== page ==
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Subject To Change: Creating Great Products & Services for an Uncertain World

Book Description

To achieve success in today's ever-changing and unpredictable markets, competitive businesses need to rethink and reframe their strategies across the board. Instead of approaching new product development from the inside out, companies have to begin by looking at the process from the outside in, beginning with the customer experience. It's a new way of thinking-and working-that can transform companies struggling to adapt to today's environment into innovative, agile, and commercially successful organizations.

Companies must develop a new set of organizational competencies: qualitative customer research to better understand customer behaviors and motivations; an open design process to reframe possibilities and translate new ideas into great customer experiences; and agile technological implementation to quickly prototype ideas, getting them from the whiteboard out into the world where people can respond to them.

In Subject to Change: Creating Great Products and Services for an Uncertain World, Adaptive Path, a leading experience strategy and design company, demonstrates how successful businesses can-and should-use customer experiences to inform and shape the product development process, from start to finish.

Table of Contents

  1. Special Upgrade Offer
  2. Introduction
    1. Predicting the Future Has Never Been Easy
  3. 1. The Experience Is the Product
    1. You Press the Button, We Do the Rest
    2. Increasing the Importance of Design
      1. What Do We Mean by Design?
    3. Technology, Features, Experience
    4. The Experience Is the Product
  4. 2. Experience as Strategy
    1. Competitive Advantage: A Little History
    2. Escaping Parity
      1. Parity Isn’t a Strategy
      2. Being the Best Isn’t a Strategy
    3. The Escape of Novelty
      1. Novelty Isn’t Differentiation
      2. Novelty Lacks Context
    4. Why Experience Matters
      1. Maintaining Experiential Focus
    5. An Experience Strategy Isn’t a Brand Strategy
    6. Embodied Experience Strategy
    7. Creating Effective Experience Strategies
  5. 3. New Ways of Understanding People
    1. Empathy
    2. Old Models and Their Problems
      1. Consumers, Literally
      2. Sheep
      3. Homo Economicus
      4. The “Human Factor”
      5. Not All Wrong, Not Really Right
    3. What’s Been Missing?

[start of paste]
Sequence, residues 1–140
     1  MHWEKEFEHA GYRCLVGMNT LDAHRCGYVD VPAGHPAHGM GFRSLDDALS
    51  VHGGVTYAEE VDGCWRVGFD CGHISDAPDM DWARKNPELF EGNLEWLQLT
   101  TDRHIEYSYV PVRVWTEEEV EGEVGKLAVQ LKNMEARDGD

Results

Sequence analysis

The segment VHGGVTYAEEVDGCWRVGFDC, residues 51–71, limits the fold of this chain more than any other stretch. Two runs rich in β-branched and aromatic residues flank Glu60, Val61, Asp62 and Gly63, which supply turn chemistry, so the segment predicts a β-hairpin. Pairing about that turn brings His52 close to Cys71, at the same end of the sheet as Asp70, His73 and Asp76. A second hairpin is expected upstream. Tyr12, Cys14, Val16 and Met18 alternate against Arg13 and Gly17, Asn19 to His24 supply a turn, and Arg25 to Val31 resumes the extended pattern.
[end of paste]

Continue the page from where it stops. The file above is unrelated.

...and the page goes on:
1. Emotion
      2. Culture and Context
    4. A New Model
    5. Embracing Complexity
  6. 4. Capturing Complexity, Building Empathy
    1. Why Research Is Essential
    2. Capturing Complexity with Qualitative Research
      1. Using Ethnography as a Research Tool
    3. Where Organizations Go Wrong
      1. Research in Isolation
      2. Reports, Where Good Insights Go to Die
      3. Market Research versus Design Research
    4. Making Research an Organizational Competency
      1. Mix Methods
      2. Integrate Research with the Design Process
      3. Create Truly Useful Deliverables and Artifacts
      4. Make Prototypes
  7. 5. Stop Designing “Products”
    1. Doing It Right
      1. Maintaining Focus
    2. Doing It Wrong: A Classic Mistake
    3. Doing It Right Online
    4. When Services Behave Like Products
    5. Symphony or Cacophony?
    6. Don’t Over-Engineer
    7. The System Is the Product
  8. 6. The Design Competency
    1. Obstacles to Adopting Experience Design
    2. Understanding and Affecting Experience
      1. Good Experiences Require Systemic Coordination
      2. The Trouble with New, Better, and Different
      3. What’s Missing?
    3. About Design
      1. The Misconceptions of Design
      2. The Potential of Design
      3. Design Can’t Do It Alone
    4. Design as an Organizational Competency
      1. Embedding Design in the Organization
      2. Building a Competitive Competency
    5. Advantages of a Design Competency
      1. In the Beginning
      2. Traditional Tools Can’t Tame the Fuzz
      3. Great Execution Isn’t the Answer
      4. Getting Started on the Best Path
      5. Flickr Framed
    6. The Idea Lab
      1. Ideas Are Neither Scarce Nor Fragile
      2. Ideas and Experience Made Manifest With Design
      3. The Power of Tangible Ideas
    7. Creating the Long “Wow!”
      1. Loyalty Can’t Be Manufactured
      2. “Wow!” Engenders Loyalty
    8. Four Steps to Your Long “Wow!”
    9. Relinquishing Control
      1. Control Is Shortsighted
      2. Control Limits Growth
    10. DIY Design: The Customer as Designer
    11. Design Competency: A Strategic Advantage
  9. 7. The Agile Approach
    1. The Agile Manifesto
    2. Less than Agile: The Waterfall Approach
    3. The Emergence of Lean Manufacturing
    4. The Agile Approach
      1. Benefits of the Agile Approach
        1. Lower costs
        2. Less documentation
        3. Essential-Only Feature Sets
        4. Hitting the Sweet Spot—and the Window
    5. The Iterative Approach: A Little History
    6. How Companies Create Agile Environments
      1. 3M: Make a Little, Sell a Little
      2. Toyota: Fewer Engineers, Less Development Time
    7. The Shifting Landscape: Embedded and Networked Systems
    8. MIT’s Fab Lab
    9. Overcoming Obstacles
      1. Create Opportunities
      2. Build Accurate Prototypes
      3. Make the Iterative Process Inexpensive and Easy
      4. Encourage Open Communication
    10. How to Get There
      1. Experiment, Experiment, Experiment
  10. 8. An Uncertain World
  11. Bibliography
  12. Index
  13. About the Authors
  14. Special Upgrade Offer
  15. Copyright